I went out like good little boy the other day to take advantage of the B&Q 3 rolls for £3 deal they had on the loft insulation. i planned to extend the joist height to allow me to board on top of the insulation to store cases etc.
The problem is: I live in an 1890's mid terrace, and the joists are not 4x2", but 3x1.5". I've been told by the local timber merchant that these joists are too puny to withstand the extra weight and i'd need to fit vertical supports from the A frame timbers.
Is this true?
If it is, what's the easiest way of achieving my goal?
I'm half decent with a saw and drill, but not too hot on the jargon, so please keep your replies in laymans terms!!!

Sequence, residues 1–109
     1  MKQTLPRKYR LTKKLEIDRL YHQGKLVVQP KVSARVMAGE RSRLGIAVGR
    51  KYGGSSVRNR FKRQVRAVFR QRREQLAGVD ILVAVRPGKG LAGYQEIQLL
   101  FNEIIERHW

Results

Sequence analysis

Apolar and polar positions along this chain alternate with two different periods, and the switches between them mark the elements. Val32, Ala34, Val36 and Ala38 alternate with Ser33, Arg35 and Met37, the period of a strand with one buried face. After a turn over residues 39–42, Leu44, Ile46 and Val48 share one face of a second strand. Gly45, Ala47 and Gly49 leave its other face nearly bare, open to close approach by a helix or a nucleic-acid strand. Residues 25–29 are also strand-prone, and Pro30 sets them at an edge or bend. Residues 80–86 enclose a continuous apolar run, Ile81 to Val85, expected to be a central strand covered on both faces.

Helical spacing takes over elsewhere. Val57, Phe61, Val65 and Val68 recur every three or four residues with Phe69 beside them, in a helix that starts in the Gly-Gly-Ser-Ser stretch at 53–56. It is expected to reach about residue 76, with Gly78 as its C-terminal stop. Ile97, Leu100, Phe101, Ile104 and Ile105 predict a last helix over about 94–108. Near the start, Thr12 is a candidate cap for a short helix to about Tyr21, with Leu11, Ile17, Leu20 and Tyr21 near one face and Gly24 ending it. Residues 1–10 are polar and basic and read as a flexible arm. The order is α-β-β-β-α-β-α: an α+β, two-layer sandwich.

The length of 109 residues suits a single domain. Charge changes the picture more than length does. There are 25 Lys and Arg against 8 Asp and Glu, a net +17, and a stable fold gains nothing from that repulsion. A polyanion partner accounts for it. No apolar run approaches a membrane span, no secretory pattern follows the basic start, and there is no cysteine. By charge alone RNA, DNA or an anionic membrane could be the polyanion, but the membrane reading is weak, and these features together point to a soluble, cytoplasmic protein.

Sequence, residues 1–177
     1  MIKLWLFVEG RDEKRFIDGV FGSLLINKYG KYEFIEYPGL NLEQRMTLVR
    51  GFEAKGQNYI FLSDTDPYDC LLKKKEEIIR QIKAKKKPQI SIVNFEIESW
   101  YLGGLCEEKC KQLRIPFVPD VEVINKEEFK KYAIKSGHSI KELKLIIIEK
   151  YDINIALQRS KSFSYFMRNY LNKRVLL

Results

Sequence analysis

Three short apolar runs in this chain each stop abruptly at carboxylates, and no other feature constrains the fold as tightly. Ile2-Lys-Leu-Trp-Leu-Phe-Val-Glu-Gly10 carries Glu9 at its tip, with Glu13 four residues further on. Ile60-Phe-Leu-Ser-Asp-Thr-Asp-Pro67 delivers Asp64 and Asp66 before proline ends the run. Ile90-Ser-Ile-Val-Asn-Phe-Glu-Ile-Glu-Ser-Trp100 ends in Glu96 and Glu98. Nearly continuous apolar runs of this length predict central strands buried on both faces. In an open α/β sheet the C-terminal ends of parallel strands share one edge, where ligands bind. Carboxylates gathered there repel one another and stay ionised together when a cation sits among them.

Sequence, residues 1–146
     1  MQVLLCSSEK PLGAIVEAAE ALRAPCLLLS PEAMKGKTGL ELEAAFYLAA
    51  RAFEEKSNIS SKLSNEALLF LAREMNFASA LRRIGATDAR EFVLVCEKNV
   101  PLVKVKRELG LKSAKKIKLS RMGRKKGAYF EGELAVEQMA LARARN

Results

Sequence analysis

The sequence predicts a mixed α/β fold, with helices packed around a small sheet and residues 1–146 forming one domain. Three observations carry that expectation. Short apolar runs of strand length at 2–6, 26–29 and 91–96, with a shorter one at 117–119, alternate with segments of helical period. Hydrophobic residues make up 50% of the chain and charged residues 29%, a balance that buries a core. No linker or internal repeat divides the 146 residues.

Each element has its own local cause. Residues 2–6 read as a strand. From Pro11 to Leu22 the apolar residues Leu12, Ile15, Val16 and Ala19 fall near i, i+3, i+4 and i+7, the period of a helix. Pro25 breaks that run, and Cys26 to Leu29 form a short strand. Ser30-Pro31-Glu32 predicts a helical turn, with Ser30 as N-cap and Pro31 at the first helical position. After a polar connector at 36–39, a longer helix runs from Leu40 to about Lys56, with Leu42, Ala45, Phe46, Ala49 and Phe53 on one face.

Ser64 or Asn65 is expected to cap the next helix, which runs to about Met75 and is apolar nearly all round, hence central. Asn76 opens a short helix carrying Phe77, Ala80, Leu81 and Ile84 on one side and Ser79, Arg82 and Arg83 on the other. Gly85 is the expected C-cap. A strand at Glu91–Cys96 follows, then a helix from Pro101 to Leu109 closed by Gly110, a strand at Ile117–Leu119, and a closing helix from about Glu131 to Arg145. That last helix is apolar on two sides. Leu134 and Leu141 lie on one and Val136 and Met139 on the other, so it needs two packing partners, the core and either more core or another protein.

Your TM is right and being mid terrace you will be limited on internal walls for extra support. In all probability you ceilings are lathe and plaster so fitting extra joists between the existing is not an option.
Do you have any larger beams running sideway in the loft? - from party wall to party wall?
I've had a better look around and a think about it. I only plan on boarding out the centre section of the loft space. directly under the centre of this area are the two walls either side of the stairwell. these run at 90 degrees to the joists, and so should provide some support, or at lease i hope so!
My plan now is to lay new joists on top of the old ones (piloted and screwed) to boost the joist height to the required level to board over the lagging. the two stairwell walls will take the weight.
You can only try a few new joists and see what happens, the chances are that the existing ceiling joists have sagged and that the ceilings are lathe and plaster. Perhaps only fix the new beams at the ends.
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